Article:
A Leap of Faith

So I’ve been writing my Sunday blog for exactly a year now and I’ve learned something: I made a mistake when I started. And what might that be? Well, for some reason I thought I needed to post 5 blogs all at once to kick off Now Don’t Get Me Wrong. But I was wrong.

Turns out literally 10 people saw the 4 blogs following my first post. I presumed folks would be so enthralled with my writing, they’d read beyond the first one. Again, wrong. If you weren’t one of the devoted 10, I forgive you. Now here’s your chance to redeem yourself… 

While my three friends and I huddled on the cold steel floor of the single engine Cessna, I struggled to remember what possessed me to want to hurl myself from an airborne metal tube. Now don’t get me wrong; I’m not crazy. At least I think I’m not. But still, I seriously questioned my sanity while checking my parachute pack for the tenth time. My curiosity was not based on its technical construction but simply to confirm that it was still on my back.

Hoping my chute is packed correctly.

During our ascent, our pilot, Katherine, never looked back at us. She seemed rather calm and unaffected by my friends and my imminent death. She even had a smile on her face. In contrast, co-pilot, Alan, somberly stared at the four of us during the 15 minutes it took to reach a jumping altitude of 3500 feet. Squeezing my eyes shut, I whispered my new mantra, “I will live, I will live…”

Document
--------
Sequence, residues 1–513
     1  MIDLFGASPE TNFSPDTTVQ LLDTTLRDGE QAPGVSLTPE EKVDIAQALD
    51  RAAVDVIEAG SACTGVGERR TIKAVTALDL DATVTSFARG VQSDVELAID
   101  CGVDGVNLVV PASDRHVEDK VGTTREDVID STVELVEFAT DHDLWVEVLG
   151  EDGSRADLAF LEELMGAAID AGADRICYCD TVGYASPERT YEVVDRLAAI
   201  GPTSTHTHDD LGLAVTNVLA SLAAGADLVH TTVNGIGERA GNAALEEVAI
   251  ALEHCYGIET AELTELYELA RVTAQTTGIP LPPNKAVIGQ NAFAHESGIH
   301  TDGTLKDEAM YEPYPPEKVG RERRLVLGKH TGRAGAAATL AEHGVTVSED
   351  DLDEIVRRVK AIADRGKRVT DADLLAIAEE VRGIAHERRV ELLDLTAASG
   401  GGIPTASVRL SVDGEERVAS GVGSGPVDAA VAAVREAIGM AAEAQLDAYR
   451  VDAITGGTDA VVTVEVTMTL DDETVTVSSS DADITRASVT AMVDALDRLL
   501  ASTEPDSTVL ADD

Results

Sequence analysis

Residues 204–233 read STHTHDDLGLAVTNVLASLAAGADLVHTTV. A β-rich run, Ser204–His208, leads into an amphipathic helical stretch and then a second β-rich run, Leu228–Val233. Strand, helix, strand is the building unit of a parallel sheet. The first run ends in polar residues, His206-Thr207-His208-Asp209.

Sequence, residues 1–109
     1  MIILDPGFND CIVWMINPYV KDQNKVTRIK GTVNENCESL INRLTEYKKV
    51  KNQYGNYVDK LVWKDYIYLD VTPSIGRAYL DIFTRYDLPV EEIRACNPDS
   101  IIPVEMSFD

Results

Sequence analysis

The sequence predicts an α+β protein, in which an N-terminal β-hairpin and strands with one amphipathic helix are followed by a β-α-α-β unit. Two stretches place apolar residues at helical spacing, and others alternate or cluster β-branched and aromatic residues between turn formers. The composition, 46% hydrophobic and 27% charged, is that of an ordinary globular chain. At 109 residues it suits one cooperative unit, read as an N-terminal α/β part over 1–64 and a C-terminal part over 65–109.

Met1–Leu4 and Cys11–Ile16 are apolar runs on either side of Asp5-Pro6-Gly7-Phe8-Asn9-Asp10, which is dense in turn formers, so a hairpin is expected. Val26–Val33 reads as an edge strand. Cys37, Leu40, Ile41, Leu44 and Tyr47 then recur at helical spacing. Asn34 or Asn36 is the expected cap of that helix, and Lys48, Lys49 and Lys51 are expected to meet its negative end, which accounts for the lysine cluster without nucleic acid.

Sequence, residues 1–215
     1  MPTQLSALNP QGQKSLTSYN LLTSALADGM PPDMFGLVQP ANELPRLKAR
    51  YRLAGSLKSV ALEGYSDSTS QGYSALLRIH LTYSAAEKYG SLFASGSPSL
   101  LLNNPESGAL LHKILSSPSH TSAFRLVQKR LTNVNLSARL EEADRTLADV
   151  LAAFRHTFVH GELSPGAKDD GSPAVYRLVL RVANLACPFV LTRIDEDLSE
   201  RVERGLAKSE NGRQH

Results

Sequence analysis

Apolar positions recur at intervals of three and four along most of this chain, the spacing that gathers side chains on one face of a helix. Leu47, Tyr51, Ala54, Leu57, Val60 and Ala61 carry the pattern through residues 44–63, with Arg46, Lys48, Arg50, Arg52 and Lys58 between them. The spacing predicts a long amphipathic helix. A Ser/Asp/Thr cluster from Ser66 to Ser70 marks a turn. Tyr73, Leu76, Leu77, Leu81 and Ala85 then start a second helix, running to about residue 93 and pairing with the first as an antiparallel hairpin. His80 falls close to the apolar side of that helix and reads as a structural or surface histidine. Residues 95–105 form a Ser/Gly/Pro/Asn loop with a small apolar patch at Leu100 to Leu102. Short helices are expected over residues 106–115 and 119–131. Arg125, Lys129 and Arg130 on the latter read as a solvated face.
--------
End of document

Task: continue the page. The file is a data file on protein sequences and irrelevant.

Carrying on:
Finally, the day-long instructional course on skydiving was about to pay off. All the practice jumps from platforms, the lectures and videos and the maneuvers from suspended parachute harnesses would soon be put into action. Suddenly, I couldn’t remember my name.Mark was the first to leap. But as he jumped backward, it sounded as though his pack hit the wing. We gasped in unison, then immediately turned toward Katherine, who continued to smile. I assumed this meant Mark was still alive. Her grin was our cue that we could resume breathing.

Next out was Rainee. The fear on her face crept into her vocal cords, prohibiting her from yelling, “JERONIMO!” as she leaped from the plane. In stunned silence, she tossed herself spreadeagled into the wind.jumping from planeThen, Alan motioned for Patty and me to scoot closer to the open door. Neglecting to tell him of her tendency toward airsickness, Patty crawled out onto the platform and promptly regurgitated her lunch. (Fascinating what 90-mile-an-hour winds do to a tuna sandwich.)

Now it was my turn. My heart pounded, my palms glistened with nervous perspiration, and still Katherine smiled. Alan leaned forward, putting his helmet against mine, searching my eyes for some semblance of lucidity. Apparently I fooled him because he lifted my headphones and screamed, “Step out!”

Shaking, I grasped the bar above the jumping platform. Alan pointed to the wing camera and shouted, “Head back and smile!” Was he insane?! I gripped the bar tighter. Before I had time to safely crawl back into the plane, he yelled, “Go!”